Since Barack Obama became the first African American to become the President-elect, the BBC has been on a shameful mission to try and humiliate members of the black community. First, it started its insane antics, by inviting musician Dizee Rascal to air his views on the US election on last week’s Newsnight; and more recently, its decision to invite Lindi Mngaza onto Watchdog on Monday night in the hope of publicly humiliating her by describing her new business as a ‘pyramid selling scheme’ in their attempt to make her look like a criminal. The absurdity of this decision only served to make the BBC look bad and not the Black community. In a week of celebration and hope, the BBC hoped that by bringing Dizee Rascal onto Newsnight, it would prove how absurd the notion of having a Black Prime Minister would be. This was quite evident by their choice of interviewee and the fact that the presenter laughed when he asked ‘Mr Rascal’ why he hadn’t run for office.

On the other side of the pond, children all across America were galvanised by the possibility of unity and change, yet all the BBC did was prove that cynicism, and underlying racism still exists. Their intention was to prove the absurdity of the prospect of a Black Prime Minister and to make black boys appear dumb. If John McCain had won, would the BBC have invited Jade Goody or Pete Doherty to air their views on the matter? I think you’ll find the answer is no. I do not blame Dizee Rascal, after all he’s an MC not a politician. The BBC could have invited a whole host of educated Black people to speak on the matter but instead opted for a comical character to manipulate and exploit.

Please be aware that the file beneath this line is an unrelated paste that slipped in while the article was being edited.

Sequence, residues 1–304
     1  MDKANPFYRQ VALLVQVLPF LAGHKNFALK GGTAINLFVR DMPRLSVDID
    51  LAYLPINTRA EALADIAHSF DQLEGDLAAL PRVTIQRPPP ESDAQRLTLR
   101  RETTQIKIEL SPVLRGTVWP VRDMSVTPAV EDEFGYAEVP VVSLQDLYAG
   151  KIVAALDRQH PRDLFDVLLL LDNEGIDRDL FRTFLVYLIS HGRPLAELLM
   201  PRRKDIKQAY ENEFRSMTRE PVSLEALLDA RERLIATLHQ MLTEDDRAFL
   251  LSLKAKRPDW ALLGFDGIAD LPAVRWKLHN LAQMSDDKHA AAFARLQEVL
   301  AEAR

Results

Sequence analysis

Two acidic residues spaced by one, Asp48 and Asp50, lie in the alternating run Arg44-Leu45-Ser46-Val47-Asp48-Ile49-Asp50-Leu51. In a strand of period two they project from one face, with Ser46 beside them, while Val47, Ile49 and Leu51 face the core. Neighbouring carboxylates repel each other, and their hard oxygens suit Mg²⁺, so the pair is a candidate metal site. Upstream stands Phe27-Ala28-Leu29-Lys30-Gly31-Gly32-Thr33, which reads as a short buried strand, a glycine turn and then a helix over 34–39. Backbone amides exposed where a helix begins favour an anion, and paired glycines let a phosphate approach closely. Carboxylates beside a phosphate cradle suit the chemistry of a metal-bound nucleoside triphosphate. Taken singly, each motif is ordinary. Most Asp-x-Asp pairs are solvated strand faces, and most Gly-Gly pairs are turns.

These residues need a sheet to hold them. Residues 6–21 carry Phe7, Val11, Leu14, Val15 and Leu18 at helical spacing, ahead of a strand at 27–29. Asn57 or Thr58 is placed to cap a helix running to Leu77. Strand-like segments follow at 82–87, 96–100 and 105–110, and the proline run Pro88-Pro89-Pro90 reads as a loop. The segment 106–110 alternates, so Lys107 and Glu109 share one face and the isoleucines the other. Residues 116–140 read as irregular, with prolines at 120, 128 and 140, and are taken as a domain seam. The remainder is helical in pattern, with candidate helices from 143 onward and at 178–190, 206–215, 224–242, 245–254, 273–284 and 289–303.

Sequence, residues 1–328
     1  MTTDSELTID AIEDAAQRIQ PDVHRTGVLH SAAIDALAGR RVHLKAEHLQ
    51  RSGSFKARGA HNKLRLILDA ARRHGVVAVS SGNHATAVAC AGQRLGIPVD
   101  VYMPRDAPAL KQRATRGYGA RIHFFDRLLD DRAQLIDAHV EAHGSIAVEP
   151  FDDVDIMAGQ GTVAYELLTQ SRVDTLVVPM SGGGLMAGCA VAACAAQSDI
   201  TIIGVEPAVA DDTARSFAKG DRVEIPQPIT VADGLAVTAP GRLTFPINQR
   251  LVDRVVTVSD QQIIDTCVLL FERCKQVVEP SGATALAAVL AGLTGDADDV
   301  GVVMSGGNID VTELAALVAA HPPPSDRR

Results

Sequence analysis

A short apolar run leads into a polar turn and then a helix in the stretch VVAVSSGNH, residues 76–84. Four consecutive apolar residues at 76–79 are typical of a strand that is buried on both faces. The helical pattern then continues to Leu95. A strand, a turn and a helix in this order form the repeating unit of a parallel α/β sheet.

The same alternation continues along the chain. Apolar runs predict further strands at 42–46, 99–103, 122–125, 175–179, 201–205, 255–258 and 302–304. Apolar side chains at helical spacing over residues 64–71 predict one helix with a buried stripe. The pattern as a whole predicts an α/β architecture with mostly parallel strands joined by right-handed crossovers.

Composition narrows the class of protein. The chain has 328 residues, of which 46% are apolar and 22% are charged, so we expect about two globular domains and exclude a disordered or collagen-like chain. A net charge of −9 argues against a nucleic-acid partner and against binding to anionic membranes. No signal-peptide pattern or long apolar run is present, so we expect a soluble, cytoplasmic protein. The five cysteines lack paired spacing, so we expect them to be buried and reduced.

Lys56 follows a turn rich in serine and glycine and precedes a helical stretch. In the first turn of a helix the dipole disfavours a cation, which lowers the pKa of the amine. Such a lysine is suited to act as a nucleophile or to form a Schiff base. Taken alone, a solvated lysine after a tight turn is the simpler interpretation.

Although I do not agree with Dizee Rascal’s comment that Hip Hop helped Barack Obama win, I do agree with the phrase from Hip Hop artist, Nas: Read more, learn more, and change the globe. Perhaps the BBC should take inspiration from such lyrics and learn to be less ignorant.

Lordine Appiah

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3 Comments

  1. November 18, 2008 at 18:08 — Reply

    While it was an interesting (bizarre) decision of the BBC to invite Dizzee Rascal onto Newsnight, I assumed he was meant to represent the ‘youth culture’ from whom Obama has managed to inspire interest and motivation. Throughout the election campaigns the BBC came across as pro-Obama, and I see no reason as to why they would be against the concept of a black Prime Minister.

  2. Esther
    November 20, 2008 at 13:33 — Reply

    Surely it was Paxman who came across as comic with his ‘Mr Rascal’ comment, I don’t think it was derogatory, just a middle aged presenter showing his age. As for Watchdog – the point of the programme is to investigate the business practices of companies. This does not equate to public humiliation, and if it does, it’s not personal, it’s about uncovering unfair business practices. If the BBC suspected, or had information about, a possible pyramid scheme, but did not broadcast a feature on it because one of the people involved was black, surely this would be a much more worrying example of racism? You seem to be looking for things to get offended about.

  3. Vanessa Anne Esi Brown
    November 26, 2008 at 18:15 — Reply

    Interesting article; I can’t comment as I haven’t watched much BBC programmes since coming to Uni. However, it would be nice to have more academic black speakers or guests on TV in general instead of focusing on black sports or music personalities.

    Vanessa.

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